American surveillance aircraft searching for the schoolgirls abducted by the militant Islamist group Boko Haram have spotted what appears to be large groups of girls in remote northeastern Nigeria.
The aerial imagery has raised hopes among domestic and foreign officials that the girls are among the group abducted from a boarding school in Chibok in Borno State, according to US and Nigerian officials.
US officials confirmed to the Wall Street Journal that a surveillance flight in early July located a group of between 60 and 70 girls being held in a remote open field. Late last month, US defence officials saw approximately 40 girls in a different field.
When the surveillance flights returned, both groups of girls had been moved. US intelligence analysts said they could not confirm whether the girls were from the 219 abducted in April.
"It's unusual to find a large group of young women like that in an open space," one US defense official told the WSJ. "We're assuming they're not a rock band of hippies out there camping."
The information suggests that not all of the schoolgirls held captive have been forced into sex trafficking or marriage as originally feared, but may be being used as bargaining chips for the release of prisoners.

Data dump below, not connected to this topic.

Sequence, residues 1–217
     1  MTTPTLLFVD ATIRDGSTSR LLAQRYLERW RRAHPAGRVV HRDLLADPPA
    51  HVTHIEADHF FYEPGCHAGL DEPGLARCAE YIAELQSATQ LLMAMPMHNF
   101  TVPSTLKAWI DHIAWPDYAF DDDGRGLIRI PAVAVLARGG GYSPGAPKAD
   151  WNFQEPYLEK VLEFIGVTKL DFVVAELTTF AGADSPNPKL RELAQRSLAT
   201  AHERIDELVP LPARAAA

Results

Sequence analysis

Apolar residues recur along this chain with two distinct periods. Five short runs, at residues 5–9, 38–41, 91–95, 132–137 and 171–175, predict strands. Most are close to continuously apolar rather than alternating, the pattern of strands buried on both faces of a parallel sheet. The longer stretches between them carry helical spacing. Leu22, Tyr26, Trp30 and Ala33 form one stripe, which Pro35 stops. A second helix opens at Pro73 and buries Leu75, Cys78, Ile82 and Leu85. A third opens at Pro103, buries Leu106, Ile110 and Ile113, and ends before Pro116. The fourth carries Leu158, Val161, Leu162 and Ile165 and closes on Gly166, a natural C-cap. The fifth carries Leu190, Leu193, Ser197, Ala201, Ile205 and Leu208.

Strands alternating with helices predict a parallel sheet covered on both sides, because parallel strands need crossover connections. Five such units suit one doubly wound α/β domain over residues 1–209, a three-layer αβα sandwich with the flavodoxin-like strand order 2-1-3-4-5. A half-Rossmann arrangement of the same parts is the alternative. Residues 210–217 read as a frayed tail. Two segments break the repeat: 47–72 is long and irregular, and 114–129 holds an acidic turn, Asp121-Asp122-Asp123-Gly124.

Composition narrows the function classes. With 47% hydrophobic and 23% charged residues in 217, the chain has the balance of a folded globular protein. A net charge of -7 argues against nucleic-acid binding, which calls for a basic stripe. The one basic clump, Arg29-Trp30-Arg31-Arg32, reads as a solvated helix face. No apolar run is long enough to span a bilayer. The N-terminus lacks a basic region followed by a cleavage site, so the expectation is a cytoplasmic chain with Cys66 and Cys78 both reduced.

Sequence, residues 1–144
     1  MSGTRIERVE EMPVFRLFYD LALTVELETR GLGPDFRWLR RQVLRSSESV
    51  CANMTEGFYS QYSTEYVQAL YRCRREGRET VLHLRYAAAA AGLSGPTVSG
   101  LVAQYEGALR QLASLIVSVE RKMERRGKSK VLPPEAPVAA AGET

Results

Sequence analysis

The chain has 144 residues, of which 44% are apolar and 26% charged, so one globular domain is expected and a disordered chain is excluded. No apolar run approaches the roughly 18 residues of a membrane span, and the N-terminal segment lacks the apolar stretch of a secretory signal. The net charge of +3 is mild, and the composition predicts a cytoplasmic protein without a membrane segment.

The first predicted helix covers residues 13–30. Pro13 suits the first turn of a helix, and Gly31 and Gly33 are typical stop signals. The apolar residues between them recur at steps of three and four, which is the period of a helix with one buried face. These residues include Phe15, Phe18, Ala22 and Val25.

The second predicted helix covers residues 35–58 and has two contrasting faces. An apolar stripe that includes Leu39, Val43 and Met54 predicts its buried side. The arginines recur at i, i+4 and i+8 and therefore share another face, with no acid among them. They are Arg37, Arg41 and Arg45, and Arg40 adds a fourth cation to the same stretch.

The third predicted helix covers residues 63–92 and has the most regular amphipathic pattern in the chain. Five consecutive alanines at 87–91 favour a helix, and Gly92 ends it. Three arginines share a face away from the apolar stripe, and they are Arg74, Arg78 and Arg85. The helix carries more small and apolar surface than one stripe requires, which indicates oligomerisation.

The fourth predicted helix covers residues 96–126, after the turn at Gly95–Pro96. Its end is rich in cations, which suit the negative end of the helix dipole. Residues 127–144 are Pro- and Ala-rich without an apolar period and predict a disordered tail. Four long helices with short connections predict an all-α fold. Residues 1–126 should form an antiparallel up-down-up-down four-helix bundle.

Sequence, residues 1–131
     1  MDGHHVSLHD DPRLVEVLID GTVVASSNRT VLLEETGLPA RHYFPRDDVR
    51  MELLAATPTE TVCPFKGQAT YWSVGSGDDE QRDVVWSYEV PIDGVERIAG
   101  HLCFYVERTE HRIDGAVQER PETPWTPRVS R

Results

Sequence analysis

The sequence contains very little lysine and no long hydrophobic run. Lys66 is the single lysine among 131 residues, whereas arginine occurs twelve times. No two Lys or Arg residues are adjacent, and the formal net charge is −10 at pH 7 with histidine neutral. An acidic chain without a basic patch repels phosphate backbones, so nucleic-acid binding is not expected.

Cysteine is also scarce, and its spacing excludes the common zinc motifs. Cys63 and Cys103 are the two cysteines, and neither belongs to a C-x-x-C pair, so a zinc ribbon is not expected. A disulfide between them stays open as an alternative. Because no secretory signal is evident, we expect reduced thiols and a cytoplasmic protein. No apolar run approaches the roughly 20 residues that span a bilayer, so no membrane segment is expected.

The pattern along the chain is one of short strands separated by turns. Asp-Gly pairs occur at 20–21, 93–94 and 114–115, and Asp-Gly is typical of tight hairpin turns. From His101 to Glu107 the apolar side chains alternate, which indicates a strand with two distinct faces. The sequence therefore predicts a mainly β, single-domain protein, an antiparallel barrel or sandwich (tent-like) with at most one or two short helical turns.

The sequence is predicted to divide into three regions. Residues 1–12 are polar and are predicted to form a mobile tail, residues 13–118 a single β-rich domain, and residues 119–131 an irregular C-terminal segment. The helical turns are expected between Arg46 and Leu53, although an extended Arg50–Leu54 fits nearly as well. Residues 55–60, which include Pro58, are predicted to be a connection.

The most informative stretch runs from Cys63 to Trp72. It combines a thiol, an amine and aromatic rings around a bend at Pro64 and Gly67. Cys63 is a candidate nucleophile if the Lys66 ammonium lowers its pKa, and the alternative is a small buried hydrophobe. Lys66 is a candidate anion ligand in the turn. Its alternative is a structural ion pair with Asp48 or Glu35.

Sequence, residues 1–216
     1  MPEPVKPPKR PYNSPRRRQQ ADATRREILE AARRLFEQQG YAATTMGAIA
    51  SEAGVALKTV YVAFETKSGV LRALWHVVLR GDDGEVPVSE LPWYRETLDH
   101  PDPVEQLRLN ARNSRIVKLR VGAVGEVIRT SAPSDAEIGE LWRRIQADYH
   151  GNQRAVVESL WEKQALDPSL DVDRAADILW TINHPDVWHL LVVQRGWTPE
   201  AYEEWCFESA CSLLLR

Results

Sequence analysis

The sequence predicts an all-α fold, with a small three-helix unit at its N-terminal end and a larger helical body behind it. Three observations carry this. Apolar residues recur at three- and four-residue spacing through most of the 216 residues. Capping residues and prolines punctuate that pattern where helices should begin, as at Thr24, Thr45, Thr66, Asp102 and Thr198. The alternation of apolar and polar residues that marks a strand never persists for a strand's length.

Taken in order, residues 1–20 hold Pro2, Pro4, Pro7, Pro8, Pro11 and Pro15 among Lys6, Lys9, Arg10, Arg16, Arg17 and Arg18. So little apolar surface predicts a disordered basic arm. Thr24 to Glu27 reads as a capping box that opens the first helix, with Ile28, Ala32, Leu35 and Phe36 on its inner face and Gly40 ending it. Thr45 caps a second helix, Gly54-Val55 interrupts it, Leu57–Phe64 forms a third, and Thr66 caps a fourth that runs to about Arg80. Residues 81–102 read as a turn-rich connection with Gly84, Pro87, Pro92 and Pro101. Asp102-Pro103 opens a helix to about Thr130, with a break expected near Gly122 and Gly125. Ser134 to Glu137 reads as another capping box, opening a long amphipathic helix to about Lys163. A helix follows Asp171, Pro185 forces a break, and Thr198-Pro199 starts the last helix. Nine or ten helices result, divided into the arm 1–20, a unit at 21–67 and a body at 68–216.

The pictures correspond to word-of-mouth information between Nigerian officials and northern locals who have interacted with the Islamist insurgency, who claim that some of the kidnapped girls are receiving special treatment - compared with the hundreds of other girls the group are suspected to have abducted.
It has been suggested that Boko Haram appears to regard the girls taken in April as valuable, given the global attention paid to the incident. The kidnapping launched the Twitter campaign #BringBackOurGirls, which was joined by high-profile figures including Michelle Obama.
Nigerian President Goodluck Jonathan is under increasing pressure to agree to a prisoner swap with Boko Haram to secure the girls. He faces re-election in February and his government has already ruled out a military rescue operation, saying it could place the girls' lives at risk.
The news comes amid accusations that Boko Haram has begun using female suicide bombers, fuelling fears its insurgency has mobilised a new weapon of war.
Last week, four teenage girls carried out attacks in the northern city of Kano, leading to speculations that Boko Haram had used the girls as human bombs. These were dismissed as unfounded by the government.
"To use female suicide bombers is the most dramatic strategy that an organisation can use. It becomes easier to penetrate targets because we are less suspicious about women," Martin Ewi, a researcher with South Africa's Institute for Security Studies, told the BBC.
He added that the move shows desperation: "It tends to be the last card that an organisation plays. But we don't know whether Boko Haram has reached that stage, or whether it has decided to play the card early."